I think the advice I would give to anyone who wants to get published is to persevere. If you’ve never written before, don’t expect your first novel to get published – you need to learn your craft and practice repeatedly. After all, someone doesn’t just pick up a violin and get to play in the Albert Hall. Apparently, most debut novels are actually the fourth or fifth book a writer has written, so if you really want to get published and succeed, you need to be in it for the long haul.
I don’t think there’s anything I wish I’d done differently. I’ve worked hard and I’ve also been very lucky, and this has happened at exactly the right time for me, so I feel very blessed.
Is there any part of the writing process which you enjoy (or find the most difficult) – i.e. researching, writing, editing?
I enjoy all of those three – researching, writing and editing – and each has their easy days and their tough days. And if it’s been a really hard day of writing or editing, the satisfaction you feel when you get where you want to be is all the sweeter.
Are there any authors whose books have made an impact on you? What type of book do you enjoy reading for pleasure, and what are you reading now?
Interestingly, a lot of the books that have made an impact on me haven’t been crime fiction at all. I’m a big fan of Charles Dickens and John Irving – long sprawling novels that not only tell great stories but also make points about the world we live in and what it means to be human. However, I do read a lot of crime fiction – my favourites include Stieg Larsson, Michael Connelly, Jo Nesbo, Scott Turrow and too many more to mention.
I’m currently between books but I just finished reading an advance copy of The Silent Patient by Alex Michaelides – it’s coming out next year and it’s going to be huge, so look out for it.
When you’re not working or writing, what do you do to relax?
I wish there was a time when I wasn’t working or writing! But if there was, I’m not sure I’d know what to do with myself!
Finally, are there are plans for a series featuring Francis Sullivan and Rory Mackay?
Yes, absolutely! The Tattoo Thief is a trilogy that features not only Francis and Rory but also my tattoo artist character, Marni Mullins. I’m working hard on the second one right now – Poison Ink.
and folks…………….here is Alison’s tattoo
| My Thoughts |
Well. If you like your crime dark and graphic then this is the book for you.
As to what the book is about, “It does what it says on the tin”. There is a killer selecting people with tattoos and removing them – whilst the person is still alive. Gory enough for you? We’re not talking tiny butterflies here by the way – all those chosen have some amazing body art which someone is obviously desperate to own.
DI Francis Sullivan has been newly promoted at just 29 years of age. His promotion has not gone down well with his colleague DS Rory Mackay who was also hoping to get the post. Tensions between the two simmer with Sullivan’s inexperience being an irritant to Mackay. It doesn’t help that their DCI is a rude ignorant brute of a man who has no time for reasoning or excuses and just wants results. Now.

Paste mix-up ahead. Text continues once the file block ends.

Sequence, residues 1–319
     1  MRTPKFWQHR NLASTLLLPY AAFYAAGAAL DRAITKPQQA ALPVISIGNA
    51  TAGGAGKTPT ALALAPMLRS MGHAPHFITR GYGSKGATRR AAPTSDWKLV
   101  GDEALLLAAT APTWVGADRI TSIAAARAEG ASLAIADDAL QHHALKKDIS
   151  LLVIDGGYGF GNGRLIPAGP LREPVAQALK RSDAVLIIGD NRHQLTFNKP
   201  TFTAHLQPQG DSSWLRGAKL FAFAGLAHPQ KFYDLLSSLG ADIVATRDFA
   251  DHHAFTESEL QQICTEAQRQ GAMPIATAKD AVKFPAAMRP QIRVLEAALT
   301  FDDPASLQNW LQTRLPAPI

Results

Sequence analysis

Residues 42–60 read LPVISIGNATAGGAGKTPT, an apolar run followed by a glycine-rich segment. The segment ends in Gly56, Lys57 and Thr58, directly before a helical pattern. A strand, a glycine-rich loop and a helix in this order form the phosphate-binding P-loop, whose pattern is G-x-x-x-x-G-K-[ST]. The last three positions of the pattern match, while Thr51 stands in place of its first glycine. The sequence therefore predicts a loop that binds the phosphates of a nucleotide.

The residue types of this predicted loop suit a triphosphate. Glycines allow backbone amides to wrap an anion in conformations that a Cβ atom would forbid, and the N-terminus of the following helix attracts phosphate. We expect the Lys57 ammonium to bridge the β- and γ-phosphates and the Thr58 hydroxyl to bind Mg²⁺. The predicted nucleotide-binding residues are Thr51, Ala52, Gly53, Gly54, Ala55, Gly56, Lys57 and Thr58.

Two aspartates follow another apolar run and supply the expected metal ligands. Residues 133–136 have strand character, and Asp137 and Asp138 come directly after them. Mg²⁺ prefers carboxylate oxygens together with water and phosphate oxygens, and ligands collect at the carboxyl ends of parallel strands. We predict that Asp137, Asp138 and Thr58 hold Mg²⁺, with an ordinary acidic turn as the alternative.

Set in Brighton, the story is told from 4 perspectives – Francis, Rory, a tattooist called Marni Mullins and an unknown voice, who I took to be the killer.
Marni is a complex character, clearly damaged by past events of which the reader is gradually made aware. Divorced from fellow tattoo artist Thiery Mullins, she is a respected tattoo artist in her own right. She still holds a torch for her ex-husband and even though she resents his interference in her life, she can’t quite let go. It is Marni who discovers the first victim and when Francis approaches her for assistance with his enquiries into the tattooist community, she is conflicted. She wants to help catch the killer but doesn’t want to help the police. There were the inevitable eye rolls from me whenever she went off-piste and ignored advice. How many times do bad things happen when they do that? Some people never learn!
The Tattoo Thief is rather more graphic than the crime thrillers I would normally choose but I really enjoyed this. I can be a bit of a wuss where mutilation of bodies are concerned and there were times when I winced and had to look away at a particularly gruesome description but the story raced along at a pace and kept my interest all the way through. The voice of the killer, is particularly chilling, as are the references to ‘The Collector’.
I particularly liked the interaction between Marni and Francis – partly because they were so very different in personality. Francis was very religious, a regular church goer with family issues of his own. His inexperience in dealing with suspects and witnesses meant for some clumsy interviewing which did get people’s backs up – including Marni’s. However for all her antipathy towards the police there was a connection between the two which I suspect might be explored further.
I did feel quite sorry for Francis. His lack of experience made him a marked man in some quarters and some people had no hesitation in throwing him under a bus if it suited them. However he had a stubborn nature and wouldn’t go away quietly. He wants to prove himself by solving the case any way he can. In that respect he and Marni were well matched.
The Tattoo Thief was an intriguing and tension filled read from beginning to end. I’m interested to see how the characters of Sullivan and Mullins develop and will definitely be reading more of this series.
Alison Belsham initially started writing with the ambition of becoming a screenwriter-and in 2000 was commended for her visual storytelling in the Orange Prize for Screenwriting. In 2001 she was shortlisted in a BBC Drama Writer competition. Life and children intervened but, switching to fiction, in 2009 her novel Domino was selected for the prestigious Adventures in Fiction mentoring scheme. In 2016 she pitched her first crime novel, The Tattoo Thief, at the Pitch Perfect event at the Bloody Scotland Crime Writing Festival and was judged the winner.